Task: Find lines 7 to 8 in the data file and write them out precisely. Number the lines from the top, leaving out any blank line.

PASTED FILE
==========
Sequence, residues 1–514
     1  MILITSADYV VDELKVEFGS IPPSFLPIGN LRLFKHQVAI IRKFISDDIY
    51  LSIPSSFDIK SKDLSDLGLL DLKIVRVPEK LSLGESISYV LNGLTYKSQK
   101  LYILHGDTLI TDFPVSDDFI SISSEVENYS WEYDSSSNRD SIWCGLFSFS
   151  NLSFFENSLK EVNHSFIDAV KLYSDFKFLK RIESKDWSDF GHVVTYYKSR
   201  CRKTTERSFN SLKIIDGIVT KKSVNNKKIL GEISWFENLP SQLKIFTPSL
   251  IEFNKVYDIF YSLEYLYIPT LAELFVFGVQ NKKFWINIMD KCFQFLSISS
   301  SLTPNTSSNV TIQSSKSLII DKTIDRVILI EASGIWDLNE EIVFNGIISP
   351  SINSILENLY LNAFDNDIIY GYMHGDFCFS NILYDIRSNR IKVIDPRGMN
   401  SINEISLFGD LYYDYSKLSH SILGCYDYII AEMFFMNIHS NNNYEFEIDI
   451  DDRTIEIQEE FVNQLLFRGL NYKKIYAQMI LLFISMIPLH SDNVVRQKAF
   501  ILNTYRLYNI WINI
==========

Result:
   251  IEFNKVYDIF YSLEYLYIPT LAELFVFGVQ NKKFWINIMD KCFQFLSISS
   301  SLTPNTSSNV TIQSSKSLII DKTIDRVILI EASGIWDLNE EIVFNGIISP